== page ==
Fostering Graduate Attributes Through Field Education in Post-Quake Canterbury, New Zealand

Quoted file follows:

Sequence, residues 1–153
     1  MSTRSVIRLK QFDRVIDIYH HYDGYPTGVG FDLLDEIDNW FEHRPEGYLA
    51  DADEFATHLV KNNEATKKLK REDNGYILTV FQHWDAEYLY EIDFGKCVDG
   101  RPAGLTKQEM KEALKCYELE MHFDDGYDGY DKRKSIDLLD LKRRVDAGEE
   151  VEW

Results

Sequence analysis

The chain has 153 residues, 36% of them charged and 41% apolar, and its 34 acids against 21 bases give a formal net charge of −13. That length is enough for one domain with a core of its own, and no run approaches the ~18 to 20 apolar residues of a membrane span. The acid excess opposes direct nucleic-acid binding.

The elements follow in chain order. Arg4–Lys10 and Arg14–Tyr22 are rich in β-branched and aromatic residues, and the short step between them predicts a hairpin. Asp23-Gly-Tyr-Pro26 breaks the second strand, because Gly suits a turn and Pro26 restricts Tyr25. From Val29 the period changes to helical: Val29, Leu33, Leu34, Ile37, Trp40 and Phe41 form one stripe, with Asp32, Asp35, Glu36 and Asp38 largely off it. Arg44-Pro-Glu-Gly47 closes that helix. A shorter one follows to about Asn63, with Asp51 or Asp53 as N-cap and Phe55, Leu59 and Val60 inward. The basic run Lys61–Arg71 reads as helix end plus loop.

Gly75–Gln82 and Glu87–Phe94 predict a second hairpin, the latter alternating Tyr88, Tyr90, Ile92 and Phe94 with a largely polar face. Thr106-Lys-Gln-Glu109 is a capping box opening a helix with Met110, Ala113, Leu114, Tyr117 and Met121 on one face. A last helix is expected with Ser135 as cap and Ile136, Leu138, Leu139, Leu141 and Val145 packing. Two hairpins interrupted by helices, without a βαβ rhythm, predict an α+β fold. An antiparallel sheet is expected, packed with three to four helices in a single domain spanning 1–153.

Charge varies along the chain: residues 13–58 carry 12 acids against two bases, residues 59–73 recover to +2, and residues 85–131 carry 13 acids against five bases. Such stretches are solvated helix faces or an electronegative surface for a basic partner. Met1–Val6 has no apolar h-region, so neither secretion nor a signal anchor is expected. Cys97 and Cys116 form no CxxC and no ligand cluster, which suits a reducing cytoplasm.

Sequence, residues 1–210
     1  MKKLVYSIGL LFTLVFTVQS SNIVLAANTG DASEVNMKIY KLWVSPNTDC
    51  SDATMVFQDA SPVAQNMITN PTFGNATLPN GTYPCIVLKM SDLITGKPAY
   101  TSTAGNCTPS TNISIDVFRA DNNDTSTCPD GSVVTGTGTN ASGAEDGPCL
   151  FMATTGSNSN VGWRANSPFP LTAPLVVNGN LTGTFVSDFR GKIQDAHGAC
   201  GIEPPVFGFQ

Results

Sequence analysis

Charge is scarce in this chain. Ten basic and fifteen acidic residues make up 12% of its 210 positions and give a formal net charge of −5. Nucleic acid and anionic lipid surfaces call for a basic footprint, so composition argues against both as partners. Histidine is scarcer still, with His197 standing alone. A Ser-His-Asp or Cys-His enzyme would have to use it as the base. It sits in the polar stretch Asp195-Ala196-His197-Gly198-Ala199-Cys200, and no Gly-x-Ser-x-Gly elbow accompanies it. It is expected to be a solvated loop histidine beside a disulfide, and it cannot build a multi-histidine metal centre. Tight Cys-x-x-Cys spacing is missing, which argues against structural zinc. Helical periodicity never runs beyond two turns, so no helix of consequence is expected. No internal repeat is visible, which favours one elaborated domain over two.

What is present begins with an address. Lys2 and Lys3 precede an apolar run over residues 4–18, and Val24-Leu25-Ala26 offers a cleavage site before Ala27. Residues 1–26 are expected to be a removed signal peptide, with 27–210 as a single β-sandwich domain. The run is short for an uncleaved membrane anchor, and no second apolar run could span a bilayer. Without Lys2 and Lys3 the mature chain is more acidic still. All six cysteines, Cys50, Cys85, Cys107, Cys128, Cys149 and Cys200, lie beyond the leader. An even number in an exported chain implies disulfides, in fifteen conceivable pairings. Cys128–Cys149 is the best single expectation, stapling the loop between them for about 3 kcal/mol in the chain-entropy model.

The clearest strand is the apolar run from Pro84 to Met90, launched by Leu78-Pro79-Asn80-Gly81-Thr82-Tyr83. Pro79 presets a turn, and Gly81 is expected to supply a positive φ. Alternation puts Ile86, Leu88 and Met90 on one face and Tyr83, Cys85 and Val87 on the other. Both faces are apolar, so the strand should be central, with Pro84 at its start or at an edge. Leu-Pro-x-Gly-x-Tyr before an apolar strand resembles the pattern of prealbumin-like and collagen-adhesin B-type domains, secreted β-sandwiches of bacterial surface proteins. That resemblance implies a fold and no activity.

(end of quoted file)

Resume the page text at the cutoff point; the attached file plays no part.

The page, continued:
Following the 2010-2011 earthquakes in Canterbury, New Zealand, the University of Canterbury (UC) was faced with the need to respond to major challenges in its teaching and learning environment. With the recognition of education as a key component to the recovery of the Canterbury region, UC developed a plan for the transformation and renewal of the campus. Central to this renewal is human capital – graduates who are distinctly resilient and broadly skilled, owing in part to their living and rebuilding through a disaster. Six desired graduate attributes have been articulated through this process: knowledge and skills of a recognized subject, critical thinking skills, the ability to interpret information from a range of sources, the ability to self-direct learning, cultural competence, and the recognition of global connections through social, ethical, and environmental values. All of these attributes may readily be identified in undergraduate geoscience field education and graduate field-based studies, and this is particularly important to highlight in a climate where the logistical and financial requirements of fieldwork are becoming a barrier to its inclusion in undergraduate curricula. Fieldwork develops discipline-specific knowledge and skills and fosters independent and critical thought. It encourages students to recognize and elaborate upon relevant information, plan ways to solve complicated problems, execute and re-evaluate these plans. These decisions are largely made by the learners, who often direct their own field experience. The latter two key graduate attributes, cultural competence and global recognition of socio-environmental values, have been explicitly addressed in field education elsewhere and there is potential to do so within the New Zealand context. These concepts are inherent to the sense of place of geoscience undergraduates and are particularly important when the field experience is viewed through the lens of landscape heritage. This work highlights the need to understand how geoscience students interact with field places, with unique implications for their cultural and socio-environmental awareness as global citizens, as well as the influence that field pedagogy has on these factors.